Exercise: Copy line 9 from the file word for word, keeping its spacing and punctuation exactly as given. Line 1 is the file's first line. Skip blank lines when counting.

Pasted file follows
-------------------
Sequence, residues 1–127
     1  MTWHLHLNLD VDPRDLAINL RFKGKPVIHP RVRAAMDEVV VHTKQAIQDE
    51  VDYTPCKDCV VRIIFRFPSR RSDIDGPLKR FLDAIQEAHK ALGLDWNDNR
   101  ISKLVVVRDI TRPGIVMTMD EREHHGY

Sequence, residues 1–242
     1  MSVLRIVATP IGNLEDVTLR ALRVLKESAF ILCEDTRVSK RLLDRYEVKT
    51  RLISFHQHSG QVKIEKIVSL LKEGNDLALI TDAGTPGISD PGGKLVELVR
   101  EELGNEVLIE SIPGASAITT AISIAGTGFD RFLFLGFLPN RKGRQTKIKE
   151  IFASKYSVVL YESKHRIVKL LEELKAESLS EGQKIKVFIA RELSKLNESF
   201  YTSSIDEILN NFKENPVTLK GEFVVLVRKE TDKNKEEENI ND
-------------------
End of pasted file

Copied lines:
   151  IFASKYSVVL YESKHRIVKL LEELKAESLS EGQKIKVFIA RELSKLNESF